only child

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The whole concept of having an only child can seem odd for grandparents who came of age during the Baby Boom. Same for the millennials who arrived during the Baby Boomlet of the ’80s and ’90s, when the birth rate surged again. But if you’re considering having just the one child in this generation, science and psychology both say it’s okay to do so.

Some of the long-held ideas about only children being self-centered and poorly socialized have persisted into the 21st century. But research has shown that certain only child stereotypes aren’t all that accurate. And while there are a few issues that seem to dog only children more than those who have siblings, savvy parents can limit the negative effects with a few preventive measures. Here’s how to weigh the advantages and disadvantages before you decide to have just one kid:

Only Child Syndrome defined

The idea that an only child was destined to be spoiled and selfish gained traction in the 19th century. A certain E. W. Bohannon from Clark University in Massachusetts conducted “A Study of Peculiar and Exceptional Children” and his 196 self-reported cases all said only children were given undue attention and worldly goods. Then at the turn of the 20th century, society, on the whole, decided that kids who didn’t have brothers or sisters also became hypersensitive, more or less falling apart due to having their parents’ undivided attention.

It would take almost eight decades before some of those sweeping judgments about Only Child Syndrome were more closely examined. Psychologist and only child Toni Falbo conducted a survey in 1986 that offered conclusive evidence that kids who have siblings differ not at all from their fellows who are only children. The only difference Falbo turned up was a stronger bond between onlies and their parents. That finding was later confirmed by a 2018 study conducted at the Frankfurt University of Applied Sciences. Still, the outdated idea that only children were little emperors persisted.

Only children have some challenges

Having just one child can still create a less than ideal situation. Only children can feel like another adult in the household and expect to have equal say, Meri Wallace, author of “Birth Order Blues,” told Parents. The child might also come to expect a parent to entertain or do homework, or rely on them too heavily for moral support in place of friends. And without some checks and balances in place, only children can veer straight into perfectionist territory. This happens when they only have adults to compare themselves to, so it’s not that tough to prevent if parents anticipate this difficulty.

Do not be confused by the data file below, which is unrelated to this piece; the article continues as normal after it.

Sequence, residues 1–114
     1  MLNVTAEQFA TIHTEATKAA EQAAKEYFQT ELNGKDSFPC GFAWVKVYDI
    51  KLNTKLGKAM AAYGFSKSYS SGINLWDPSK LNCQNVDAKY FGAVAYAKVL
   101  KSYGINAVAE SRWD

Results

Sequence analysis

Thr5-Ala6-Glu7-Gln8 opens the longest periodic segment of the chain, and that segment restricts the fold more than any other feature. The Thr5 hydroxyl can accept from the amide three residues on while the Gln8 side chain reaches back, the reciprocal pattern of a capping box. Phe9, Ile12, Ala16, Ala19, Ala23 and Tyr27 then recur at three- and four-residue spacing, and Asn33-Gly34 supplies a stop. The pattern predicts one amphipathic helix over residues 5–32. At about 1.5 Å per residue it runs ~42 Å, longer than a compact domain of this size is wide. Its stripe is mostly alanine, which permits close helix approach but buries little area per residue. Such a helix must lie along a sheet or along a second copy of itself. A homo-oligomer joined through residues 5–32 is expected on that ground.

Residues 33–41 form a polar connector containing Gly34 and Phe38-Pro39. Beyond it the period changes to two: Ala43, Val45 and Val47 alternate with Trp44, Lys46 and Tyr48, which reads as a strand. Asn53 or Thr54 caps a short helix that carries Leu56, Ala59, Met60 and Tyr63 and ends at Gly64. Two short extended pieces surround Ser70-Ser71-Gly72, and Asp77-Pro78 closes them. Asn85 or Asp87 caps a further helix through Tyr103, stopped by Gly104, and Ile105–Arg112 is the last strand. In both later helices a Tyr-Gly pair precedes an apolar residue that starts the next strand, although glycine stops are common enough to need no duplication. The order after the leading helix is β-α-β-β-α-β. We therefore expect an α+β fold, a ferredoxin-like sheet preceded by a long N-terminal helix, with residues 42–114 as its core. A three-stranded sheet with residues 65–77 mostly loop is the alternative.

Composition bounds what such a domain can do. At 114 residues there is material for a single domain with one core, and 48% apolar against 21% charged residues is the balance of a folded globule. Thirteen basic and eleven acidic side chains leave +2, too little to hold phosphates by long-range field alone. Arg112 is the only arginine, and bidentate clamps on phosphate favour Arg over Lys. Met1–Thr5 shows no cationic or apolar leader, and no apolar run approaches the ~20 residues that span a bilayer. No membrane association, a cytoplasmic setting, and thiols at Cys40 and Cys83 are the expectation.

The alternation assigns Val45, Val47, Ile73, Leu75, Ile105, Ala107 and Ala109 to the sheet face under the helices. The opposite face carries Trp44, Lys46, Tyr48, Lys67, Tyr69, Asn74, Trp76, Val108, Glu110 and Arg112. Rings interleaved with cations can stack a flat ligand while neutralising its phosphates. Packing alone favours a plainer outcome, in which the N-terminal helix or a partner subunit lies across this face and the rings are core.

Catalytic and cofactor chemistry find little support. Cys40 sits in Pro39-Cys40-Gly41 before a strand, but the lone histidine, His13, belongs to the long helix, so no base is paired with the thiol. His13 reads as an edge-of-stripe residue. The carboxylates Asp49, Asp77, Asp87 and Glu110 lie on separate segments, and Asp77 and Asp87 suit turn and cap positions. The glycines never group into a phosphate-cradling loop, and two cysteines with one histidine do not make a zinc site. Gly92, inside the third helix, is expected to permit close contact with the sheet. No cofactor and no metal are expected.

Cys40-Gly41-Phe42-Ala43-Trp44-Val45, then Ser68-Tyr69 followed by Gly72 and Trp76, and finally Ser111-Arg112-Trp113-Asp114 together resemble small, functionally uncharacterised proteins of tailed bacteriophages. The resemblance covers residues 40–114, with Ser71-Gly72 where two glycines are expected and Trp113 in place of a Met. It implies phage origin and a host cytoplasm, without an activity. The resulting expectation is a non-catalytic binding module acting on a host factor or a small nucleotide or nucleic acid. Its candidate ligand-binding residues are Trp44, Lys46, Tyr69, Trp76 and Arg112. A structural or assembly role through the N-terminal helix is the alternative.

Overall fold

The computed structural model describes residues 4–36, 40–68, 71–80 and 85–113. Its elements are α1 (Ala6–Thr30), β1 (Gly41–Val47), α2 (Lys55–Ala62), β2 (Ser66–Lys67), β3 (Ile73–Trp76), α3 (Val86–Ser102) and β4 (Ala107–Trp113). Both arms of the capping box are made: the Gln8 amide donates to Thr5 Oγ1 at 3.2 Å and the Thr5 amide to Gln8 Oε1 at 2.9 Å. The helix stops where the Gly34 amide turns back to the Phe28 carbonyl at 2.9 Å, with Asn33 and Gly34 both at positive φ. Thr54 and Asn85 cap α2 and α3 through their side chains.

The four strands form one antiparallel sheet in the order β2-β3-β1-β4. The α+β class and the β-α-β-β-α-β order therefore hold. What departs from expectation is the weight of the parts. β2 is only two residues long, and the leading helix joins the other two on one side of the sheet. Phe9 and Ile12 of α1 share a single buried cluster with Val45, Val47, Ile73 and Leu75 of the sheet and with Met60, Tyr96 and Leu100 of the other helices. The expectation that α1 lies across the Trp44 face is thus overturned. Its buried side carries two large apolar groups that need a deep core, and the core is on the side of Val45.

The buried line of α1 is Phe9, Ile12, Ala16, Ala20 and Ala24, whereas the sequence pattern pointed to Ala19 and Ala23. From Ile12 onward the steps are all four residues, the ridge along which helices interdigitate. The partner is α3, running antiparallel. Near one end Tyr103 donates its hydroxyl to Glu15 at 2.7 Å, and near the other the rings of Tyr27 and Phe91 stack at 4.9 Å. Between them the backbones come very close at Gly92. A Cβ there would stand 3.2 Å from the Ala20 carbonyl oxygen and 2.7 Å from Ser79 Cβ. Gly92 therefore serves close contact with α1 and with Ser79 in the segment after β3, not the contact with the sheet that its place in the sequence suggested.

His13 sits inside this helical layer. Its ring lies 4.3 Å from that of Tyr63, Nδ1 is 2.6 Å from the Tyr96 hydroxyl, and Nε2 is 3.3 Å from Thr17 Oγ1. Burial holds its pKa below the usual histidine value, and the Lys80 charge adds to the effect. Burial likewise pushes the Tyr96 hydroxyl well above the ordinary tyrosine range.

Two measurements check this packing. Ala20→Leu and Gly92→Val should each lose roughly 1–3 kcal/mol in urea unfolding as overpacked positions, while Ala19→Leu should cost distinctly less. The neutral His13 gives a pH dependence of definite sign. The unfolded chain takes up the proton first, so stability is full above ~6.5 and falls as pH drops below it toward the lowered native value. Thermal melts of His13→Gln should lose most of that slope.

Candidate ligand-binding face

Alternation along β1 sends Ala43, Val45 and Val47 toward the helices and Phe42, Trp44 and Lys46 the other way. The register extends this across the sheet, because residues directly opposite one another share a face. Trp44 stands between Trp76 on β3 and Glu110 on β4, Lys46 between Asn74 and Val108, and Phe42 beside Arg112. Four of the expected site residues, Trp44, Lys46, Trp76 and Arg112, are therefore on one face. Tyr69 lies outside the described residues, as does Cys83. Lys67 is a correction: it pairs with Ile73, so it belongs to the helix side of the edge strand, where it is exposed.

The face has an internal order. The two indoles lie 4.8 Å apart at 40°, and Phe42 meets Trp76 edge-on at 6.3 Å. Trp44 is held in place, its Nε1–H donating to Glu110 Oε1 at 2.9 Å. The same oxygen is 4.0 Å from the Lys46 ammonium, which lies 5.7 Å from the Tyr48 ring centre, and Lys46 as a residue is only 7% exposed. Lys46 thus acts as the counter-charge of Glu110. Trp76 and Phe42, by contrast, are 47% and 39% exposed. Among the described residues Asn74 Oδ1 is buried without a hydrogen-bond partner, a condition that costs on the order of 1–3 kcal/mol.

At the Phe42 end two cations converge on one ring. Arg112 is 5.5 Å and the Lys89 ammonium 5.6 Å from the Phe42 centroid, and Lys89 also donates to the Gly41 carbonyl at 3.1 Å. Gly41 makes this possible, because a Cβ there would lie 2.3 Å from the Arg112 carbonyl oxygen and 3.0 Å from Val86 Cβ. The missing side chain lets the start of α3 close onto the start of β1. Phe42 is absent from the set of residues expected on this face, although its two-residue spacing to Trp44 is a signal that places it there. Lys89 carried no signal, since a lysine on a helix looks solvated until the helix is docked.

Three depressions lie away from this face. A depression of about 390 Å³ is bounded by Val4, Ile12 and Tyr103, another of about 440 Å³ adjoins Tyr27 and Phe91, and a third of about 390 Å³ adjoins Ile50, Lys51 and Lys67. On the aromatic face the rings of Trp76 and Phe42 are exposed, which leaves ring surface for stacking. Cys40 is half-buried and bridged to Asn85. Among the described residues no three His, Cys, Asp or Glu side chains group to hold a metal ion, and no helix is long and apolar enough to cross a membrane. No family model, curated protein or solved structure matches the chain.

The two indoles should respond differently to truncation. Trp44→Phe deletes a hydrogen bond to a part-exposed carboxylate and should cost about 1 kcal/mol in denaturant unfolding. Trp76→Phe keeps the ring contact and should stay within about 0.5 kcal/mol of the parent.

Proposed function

Only one child?

Deciding whether it’s cool to just have one child can dredge up a lot of guilt for parents. But just because having one kid is easier than two, three or four doesn’t make it a bad thing! According to psychologists, having only one child gives you more control over your environment and tends to involve far fewer personality conflicts. “Having only one child also allows the parent to be more attuned to the individual emotional needs of the single child,” psychologist Seth Meyers noted in Psychology Today. “The fact that the parents of only children have more time and energy to become and stay attuned to the child shouldn’t be overlooked, because attunement to the emotional needs of a child is crucial for positive emotional and cognitive development in children.”

In the final analysis, there are lots of good reasons to have an only child. “There’s not necessarily anything wrong with that unless the parents don’t build in other supports in the child’s life to make sure that they can simulate (as close as possible) the benefits that come from children having sibling relationships,” Meyers added.

Parenting the only child

Instead of worrying about an outdated idea that only children will have ingrained traits, parents considering stopping after one child should take a few extra steps. The most important is creating a plan so your only child has lots of chances to interact with other kids. This strategy should start when your child’s 18-months-old, associate clinical professor of pediatrics Dr. J. Lane Tanner told Parents. A few ideas for forging peer friendships in those early days include pre-school, playdates, and special classes like Kindermusik.

Wallace also recommended mom or dad take on the socialization duties usually fulfilled by siblings. “Losing a game, waiting a turn, joining a group–all of these things are hard for an only child,” Tanner told Parents. “To help children succeed in social situations, parents should demonstrate, by example, how to share, compromise, and show consideration for others. Reward children when they’re being considerate and administer consequences when they aren’t.”

Also, when there’s two of you and just one child, it’s critical to resist the urge to splurge constantly, Tanner added. The lone kid in a family never has to wait to have needs met, from getting a fruit snack to getting a ride home from school. But knowing how to “wait in line” is a critical life skill. To make sure your only child develops the knack, make sure to set household rules and abide by them. Set up a plan to save for an outing or big purchase, even if you can afford it now. And most importantly, let go of the notion that your only child needs to be happy every second. That’s not how children experience a happy childhood, whether they’re the one child in the family or growing up with a house full of siblings.